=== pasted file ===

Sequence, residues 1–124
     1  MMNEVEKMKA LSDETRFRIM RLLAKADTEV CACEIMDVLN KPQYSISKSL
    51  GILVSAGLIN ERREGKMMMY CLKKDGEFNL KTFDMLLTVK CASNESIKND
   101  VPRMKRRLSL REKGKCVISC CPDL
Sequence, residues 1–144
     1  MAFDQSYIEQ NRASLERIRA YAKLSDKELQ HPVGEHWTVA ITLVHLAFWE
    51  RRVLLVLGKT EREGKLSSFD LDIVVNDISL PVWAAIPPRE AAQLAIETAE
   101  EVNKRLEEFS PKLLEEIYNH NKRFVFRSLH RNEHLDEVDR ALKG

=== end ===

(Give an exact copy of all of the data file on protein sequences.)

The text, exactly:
Sequence, residues 1–124
     1  MMNEVEKMKA LSDETRFRIM RLLAKADTEV CACEIMDVLN KPQYSISKSL
    51  GILVSAGLIN ERREGKMMMY CLKKDGEFNL KTFDMLLTVK CASNESIKND
   101  VPRMKRRLSL REKGKCVISC CPDL
Sequence, residues 1–144
     1  MAFDQSYIEQ NRASLERIRA YAKLSDKELQ HPVGEHWTVA ITLVHLAFWE
    51  RRVLLVLGKT EREGKLSSFD LDIVVNDISL PVWAAIPPRE AAQLAIETAE
   101  EVNKRLEEFS PKLLEEIYNH NKRFVFRSLH RNEHLDEVDR ALKG